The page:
Kung Hee Fat Choy: Happy Lunar New Year

New Year's good luck charmGau: new year's cake

Tomorrow officially begins the new lunar year, 4706 — The Year of the Rat. Here on Oahu the festivities began early in January, and culminated publicly over the weekend with three days of partying in Honolulu’s Chinatown. We caught the tail-end of the parade and the beginning of the street party on Saturday. We must have have missed the firecrackers, or perhaps there was a rain delay because it was quite wet in town all weekend. Despite the weather, hundreds of brave folks lined Hotel Street to watch the parade and stroll along the fest tents on Nu’uanu Street to sample fresh-cooked meat skewers, noodles, jai (also called monk’s food, a vegetarian rice meal filled with good luck symbolism), fried rice, plate lunches, dim sum, and the hot fried-food-of-the-night — “jin doi,” crispy, hollow sesame-covered rice balls with a smear of sweet bean paste inside (far right photo below). Dad was looking for a remembered treat from Manila that he called “tikoy” — turned out to be Gau (photo above), the super sticky brown-sugar and rice-flour “cake” that is available all over Chinatown and much of Oahu this time of year. For such simple ingredients, it’s quite an addictive treat.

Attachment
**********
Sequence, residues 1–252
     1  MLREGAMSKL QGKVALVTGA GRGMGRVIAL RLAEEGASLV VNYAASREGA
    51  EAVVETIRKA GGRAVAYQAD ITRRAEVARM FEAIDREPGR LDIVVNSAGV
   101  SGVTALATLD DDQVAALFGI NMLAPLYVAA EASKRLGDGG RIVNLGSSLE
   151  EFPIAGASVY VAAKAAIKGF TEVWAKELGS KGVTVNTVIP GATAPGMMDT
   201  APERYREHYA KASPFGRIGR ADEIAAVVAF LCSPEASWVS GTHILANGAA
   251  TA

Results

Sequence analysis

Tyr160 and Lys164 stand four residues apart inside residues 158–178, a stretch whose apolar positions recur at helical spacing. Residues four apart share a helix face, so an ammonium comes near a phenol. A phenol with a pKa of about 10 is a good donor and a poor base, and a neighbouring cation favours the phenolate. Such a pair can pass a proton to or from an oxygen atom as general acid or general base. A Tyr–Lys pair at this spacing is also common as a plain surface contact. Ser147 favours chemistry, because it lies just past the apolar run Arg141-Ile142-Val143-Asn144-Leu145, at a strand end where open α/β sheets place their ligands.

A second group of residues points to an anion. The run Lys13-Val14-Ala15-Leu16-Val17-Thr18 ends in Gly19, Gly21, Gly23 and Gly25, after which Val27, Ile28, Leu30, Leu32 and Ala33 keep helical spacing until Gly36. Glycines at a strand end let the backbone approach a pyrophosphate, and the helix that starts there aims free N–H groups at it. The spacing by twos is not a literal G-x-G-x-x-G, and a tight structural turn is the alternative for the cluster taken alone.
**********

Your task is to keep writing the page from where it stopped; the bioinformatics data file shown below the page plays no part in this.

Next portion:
Hotel Street after the paradeMaunakea Marketplace CourtyardVendors preparing fresh jin doi

We only caught the last 2 entries in the parade, including this gaily decorated, if slightly water-logged, lion and his stalwart handlers.

The last lion wneds his way down the damp parade routeLion pauses for a feeding during the parade

After the parade, the lions go their separate ways to visit shops and other businesses in the area. People vie to “feed” the lions since doing so will bring good luck for the coming year. Many folks try to entice their youngsters to bring their “food” to the lions, but with their energetic dancing, and flashing bright eyes, the lions could be a bit intimidating for the little ones, too. First-timers are often carried by their parents. After receiving their monetary meal, the lions often bow in front of the donor and sometimes wag their tails!

A lion approachesLion awaits its feedingLion bows its appreciation to its youngest benefactor

Dad made his offerings to one of the lions — one for Nikko, one for Kenji, and one Masato. I couldn’t catch them both still, one was always in motion (Dad moves fast for a senior citizen!).

Dad and the Red LionThe Lion gets a second

More about Honolulu’s Chinatown:
Part I: Come see what you’ve been missing
Part II: Best buys